Adjustments Abound As Nittany Lions Battle Injuries And Poor Play
When James Franklin was asked last Thursday about Penn State’s midseason matchup against Ohio State, he provided a simple three-word answer: “Temple, Temple, Temple.”
It’s the same response he’s given every time he’s been asked about a later opponent; he’ll never speak about any team Penn State isn’t playing in the coming week. But in preparation for this Saturday’s tilt against lowly Buffalo, Franklin might be best suited repeating a different three word set: Adjustments, Adjustments, Adjustments.
“There is no doubt about it, we have to find a way to solve issues, solve problems,” Franklin confirmed Wednesday.
Defensively, where the Nittany Lions entered the season with the most confidence, Nyeem Wartman-White’s season-ending injury has sent the linebacker unit into a frenzy. Senior Gary Wooten is listed as the starting middle linebacker — the so-called “Mike” ‘backer position — though Jason Cabinda suggested he’s taken reps at the position as well.
“The most important thing with the Mike is getting everybody lined up, making sure everybody is on the same page,” he said Thursday. “Doing the same thing, it’s going to be critical.”
Cabinda played the middle linebacker position in high school, and according to various teammates, his vocal personality lends itself helpful in a role where communication is imperative to on-field success. In teleconferences, he’s articulate and convivial, and said he hopes to be an investment banker in part because of the money. He also said he’s watched hours of film with Wartman-White in the last week; but the nuances of the position don’t shine through in practice or in film — they instead require game experience.
“It’s a great opportunity, an opportunity to really step up as the leader of defense,” he said. “It’s not easy, you got to be a leader, you got to make calls. It’s not easy to do in front of a loud crowd in Beaver Stadium.”
For what it’s worth, Cabinda suggested that Wooten — who has only one career start under his belt — is naturally much quieter, but transforms into an audible leader on the field. Regardless, expect to see both start this week, and split reps at middle linebacker.
“It’s really upon the entire linebacker unit, the Mike makes all the calls, but it echoes throughout the entire linebacker unit,” Cabinda explained. “I think its upon the whole unit, and the safeties as well. It takes the whole defense to get squared away.”
And then there’s the offense line, the other unit facing a potential shakeup — though not due to injury. On Saturday, a game that’s been well published and seared into our collective memories, the front five allowed Christian Hackenberg to be sacked 10 times — one of which came after Temple’s defense sent just a two man rush. Junior college transfer Paris Palmer, who James Franklin hyped and entrusted with a starting spot, was burned consistently, and failed to seal the edge on numerous occasions.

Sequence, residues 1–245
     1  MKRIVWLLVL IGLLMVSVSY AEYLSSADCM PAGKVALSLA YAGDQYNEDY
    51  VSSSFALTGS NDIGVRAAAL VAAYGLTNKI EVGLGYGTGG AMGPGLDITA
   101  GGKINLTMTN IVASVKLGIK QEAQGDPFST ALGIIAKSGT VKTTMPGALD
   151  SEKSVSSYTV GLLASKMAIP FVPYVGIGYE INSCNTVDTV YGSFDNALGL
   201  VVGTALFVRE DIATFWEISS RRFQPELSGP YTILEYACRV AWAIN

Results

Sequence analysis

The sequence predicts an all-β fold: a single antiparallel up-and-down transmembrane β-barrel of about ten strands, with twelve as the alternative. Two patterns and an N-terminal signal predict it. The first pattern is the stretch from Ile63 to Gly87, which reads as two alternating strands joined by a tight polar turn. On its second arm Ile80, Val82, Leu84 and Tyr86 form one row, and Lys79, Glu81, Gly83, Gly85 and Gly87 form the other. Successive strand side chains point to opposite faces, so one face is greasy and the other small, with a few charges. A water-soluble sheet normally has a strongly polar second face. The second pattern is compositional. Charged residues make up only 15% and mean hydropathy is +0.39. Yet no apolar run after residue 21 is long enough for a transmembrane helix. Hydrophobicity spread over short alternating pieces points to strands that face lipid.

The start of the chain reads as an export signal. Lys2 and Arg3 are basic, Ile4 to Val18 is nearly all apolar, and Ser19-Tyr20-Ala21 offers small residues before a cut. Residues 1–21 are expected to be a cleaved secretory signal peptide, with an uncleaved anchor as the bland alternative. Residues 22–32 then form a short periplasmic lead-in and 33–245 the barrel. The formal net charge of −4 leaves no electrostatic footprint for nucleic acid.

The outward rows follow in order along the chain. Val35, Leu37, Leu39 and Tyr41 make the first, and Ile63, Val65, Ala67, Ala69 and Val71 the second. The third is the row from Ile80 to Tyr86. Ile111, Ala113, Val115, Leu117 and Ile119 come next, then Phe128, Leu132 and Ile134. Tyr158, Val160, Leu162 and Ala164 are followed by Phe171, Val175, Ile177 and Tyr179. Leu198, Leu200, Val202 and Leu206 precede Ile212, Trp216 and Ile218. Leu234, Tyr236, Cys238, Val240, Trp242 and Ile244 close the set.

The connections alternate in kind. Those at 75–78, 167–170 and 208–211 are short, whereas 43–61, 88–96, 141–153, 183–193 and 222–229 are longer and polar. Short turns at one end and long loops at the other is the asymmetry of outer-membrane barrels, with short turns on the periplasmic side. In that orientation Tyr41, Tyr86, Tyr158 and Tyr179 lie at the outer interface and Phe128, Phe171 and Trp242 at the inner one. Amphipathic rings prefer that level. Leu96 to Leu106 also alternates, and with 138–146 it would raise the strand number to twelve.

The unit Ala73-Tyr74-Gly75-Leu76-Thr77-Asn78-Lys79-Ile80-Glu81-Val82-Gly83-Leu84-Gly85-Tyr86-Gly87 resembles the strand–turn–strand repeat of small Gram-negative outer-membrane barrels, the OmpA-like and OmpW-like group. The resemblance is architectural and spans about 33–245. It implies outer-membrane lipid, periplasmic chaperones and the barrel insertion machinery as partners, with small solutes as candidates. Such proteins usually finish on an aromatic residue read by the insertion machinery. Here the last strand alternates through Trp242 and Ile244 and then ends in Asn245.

Lucky, Andrew Nelson was the only offensive lineman available to the media this week to answer for his unit’s struggles. The sophomore tackle smartly took a page out of Franklin’s playbook, electing to brush over most questions about Temple with a simple “We’re just focusing on the next game.”
“A lot of work to be done in all areas, we all know where we want to go with this program,” he said. “The first game for us was a learning experience. That’s just the gameplan, moving on to the next game.”
Nelson confirmed that Saturday’s starting five is “for the most part” the starting five going forward, and suggested that while there has been talk of shifting personnel around, nothing has been finalized. Simply, he said they need to play better.
“I would say on Saturday from our standards, from how we’ve been playing in camp, we felt that we had a less than satisfactory grade,” he said. “We had a lot of good things, but we had a lot of mistakes. A lot of people don’t understand that sacks come from more than the offensive line a lot of the time.”
Speaking about Palmer, Nelson said he played like someone who had never played in a Division I game before, both a true statement and observation. Palmer is 6-foot-7 and more than 300 pounds. He has the trimmings of a star offensive lineman, but his footwork, speed, and confidence seemed crippled after the first few sacks. Nelson pulled Palmer aside during the game to tell him he was capable of protecting the quarterback.
Still, Nelson feels that change is around the corner.
“During camp our offense was night and day difference compared to last year, that’s still true. During camp I was so excited about how our offense was playing,” he said almost wistfully. “Obviously didn’t play nearly as well as we could have, but we’re still excited about where this team can go. Offensively we do feel like we’re very close.”
Close as they may be, the unit still has work to do. The offensive line, along with the linebacking corps, will answer these pressing questions on Saturday.